The McDonald-Dunn Forest is a favorite outdoor recreation spot for area residents, a point buttressed by the most recent recreation survey report. This remarkably thorough report details the characteristics, frequency, and satisfaction of recreationists, as well as the feelings of forest-adjacent households, in an effort to better understand the needs of both users and neighbors.
It is currently estimated that 155,000 visit the forest annually. Due to the growing population of both Corvallis and Oregon State University, these numbers are likely actively increasing; though a solid core of Mac-Dunn enthusiasts have been visiting the forest multiple times a week for several years. The average onsite respondent reported to have been visiting the forest for the past 13.26 years, with a whopping 36 percent reporting being 20 years plus veteran Mac-Dunn recreators. 20 percent of onsite respondents reported visiting the forest for the past 10-19 years. This means, astonishingly, that more than half of the respondents have been visiting for more than a decade. The largest group of onsite visitors, 18 percent, visit three or more times a week, with 17 percent at twice a week. Once a week, and two to three times a month are both at 16 percent. The average duration of a visit is 1.91 hours.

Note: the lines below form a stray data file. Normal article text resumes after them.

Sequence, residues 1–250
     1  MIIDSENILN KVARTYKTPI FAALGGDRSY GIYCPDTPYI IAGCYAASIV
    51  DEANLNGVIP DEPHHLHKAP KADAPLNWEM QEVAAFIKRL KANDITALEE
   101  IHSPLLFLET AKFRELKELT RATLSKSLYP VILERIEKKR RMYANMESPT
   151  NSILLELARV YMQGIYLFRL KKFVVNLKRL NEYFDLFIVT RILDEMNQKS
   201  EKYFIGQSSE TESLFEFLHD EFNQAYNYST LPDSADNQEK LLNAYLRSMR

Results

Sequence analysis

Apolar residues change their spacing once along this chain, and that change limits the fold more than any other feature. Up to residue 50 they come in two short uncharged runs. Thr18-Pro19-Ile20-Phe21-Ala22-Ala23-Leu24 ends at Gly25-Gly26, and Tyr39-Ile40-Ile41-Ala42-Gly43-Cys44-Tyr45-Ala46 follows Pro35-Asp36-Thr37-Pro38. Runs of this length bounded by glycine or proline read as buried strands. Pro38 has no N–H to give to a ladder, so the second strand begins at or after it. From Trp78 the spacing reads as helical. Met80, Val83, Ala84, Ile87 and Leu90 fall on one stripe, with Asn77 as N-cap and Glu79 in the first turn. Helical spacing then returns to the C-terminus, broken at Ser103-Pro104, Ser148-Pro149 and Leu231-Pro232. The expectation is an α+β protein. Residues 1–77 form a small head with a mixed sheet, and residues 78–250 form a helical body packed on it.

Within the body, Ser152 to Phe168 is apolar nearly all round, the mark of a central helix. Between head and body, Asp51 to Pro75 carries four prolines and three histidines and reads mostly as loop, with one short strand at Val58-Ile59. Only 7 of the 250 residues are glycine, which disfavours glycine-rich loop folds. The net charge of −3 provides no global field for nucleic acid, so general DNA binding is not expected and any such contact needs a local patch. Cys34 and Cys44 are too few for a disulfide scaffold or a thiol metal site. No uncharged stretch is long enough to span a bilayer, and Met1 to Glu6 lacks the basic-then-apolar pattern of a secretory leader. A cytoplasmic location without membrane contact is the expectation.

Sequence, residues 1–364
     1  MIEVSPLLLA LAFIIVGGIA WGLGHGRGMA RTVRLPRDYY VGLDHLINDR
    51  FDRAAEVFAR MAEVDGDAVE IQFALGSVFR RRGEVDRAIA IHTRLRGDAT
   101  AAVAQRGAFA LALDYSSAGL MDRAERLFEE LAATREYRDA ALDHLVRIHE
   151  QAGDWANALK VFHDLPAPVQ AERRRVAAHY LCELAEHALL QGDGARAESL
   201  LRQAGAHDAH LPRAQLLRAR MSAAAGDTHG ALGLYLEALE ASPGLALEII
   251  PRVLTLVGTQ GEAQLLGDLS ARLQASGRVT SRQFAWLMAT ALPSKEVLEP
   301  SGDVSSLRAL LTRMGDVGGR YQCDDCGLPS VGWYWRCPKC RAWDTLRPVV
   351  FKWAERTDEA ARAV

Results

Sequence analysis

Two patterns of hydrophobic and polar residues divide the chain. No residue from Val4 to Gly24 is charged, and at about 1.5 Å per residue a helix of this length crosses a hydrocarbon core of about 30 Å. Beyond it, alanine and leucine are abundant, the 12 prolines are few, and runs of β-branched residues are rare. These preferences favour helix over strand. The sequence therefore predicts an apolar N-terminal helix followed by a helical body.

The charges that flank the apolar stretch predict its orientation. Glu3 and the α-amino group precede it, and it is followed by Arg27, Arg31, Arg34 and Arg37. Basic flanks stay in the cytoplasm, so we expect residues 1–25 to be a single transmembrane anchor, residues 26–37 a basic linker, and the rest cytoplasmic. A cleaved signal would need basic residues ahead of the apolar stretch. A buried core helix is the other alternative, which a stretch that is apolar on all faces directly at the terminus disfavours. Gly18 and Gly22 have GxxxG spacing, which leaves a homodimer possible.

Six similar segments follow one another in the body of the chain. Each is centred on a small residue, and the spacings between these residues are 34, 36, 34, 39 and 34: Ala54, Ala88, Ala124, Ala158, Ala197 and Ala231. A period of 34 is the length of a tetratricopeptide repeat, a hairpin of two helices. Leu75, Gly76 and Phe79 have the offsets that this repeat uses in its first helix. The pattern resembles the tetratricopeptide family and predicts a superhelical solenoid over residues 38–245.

During their visit to the forest, 51 percent of onsite respondents reported hiking, 19 percent were dog walking, 16 percent reported jogging, 12 percent were mountain biking, with one percent horseback riding, nature viewing, and other, respectively. The respondents who checked “other” may be the real heroes of this report, some reporting cat walking, smoking (ILLEGAL: don’t do it), creek play, races, ukulele playing, and scientific research. Dog watching was not mentioned, but remains an outstanding recreational activity in the McDonald-Dunn Forest, as the estimated number of visiting dogs in 2017 was 9,340.
Participants were also given the option to self-rate their skill level in their primary typical recreational activity. 43 percent of mountain bikers identified as intermediate, while 19 percent identified as an expert. Trail runners identified mostly as advanced, with 42 percent, followed by 39 percent at intermediate. 22 percent of dog walkers identified as an expert, with 42 percent as advanced, 29 percent as intermediate, and two percent as beginner dog walkers. Two percent of all Mac-Dunn dog walkers is no small number, so watch out for them and their possibly unpredictable dog-walking. As for hikers, characterized as “other visitors on foot” in the survey, 45 percent modestly reported themselves at an intermediate skill level. 14 percent reported being experts, 33 percent were advanced, with the remaining eight percent reporting as beginners or novices. These figures may indicate that some trails in the forest are challenging to hikers.
Given the available data, the typical onsite McDonald-Dunn recreator is a white, 49-year-old woman with more than one college degree, whose household makes between $75,000 and $100,000. She has been visiting the forest for 13.26 years, visits three times a week, hikes in a group of two, has walked a dog in the forest before, and doesn’t bring any kids.
By Jay Sharpe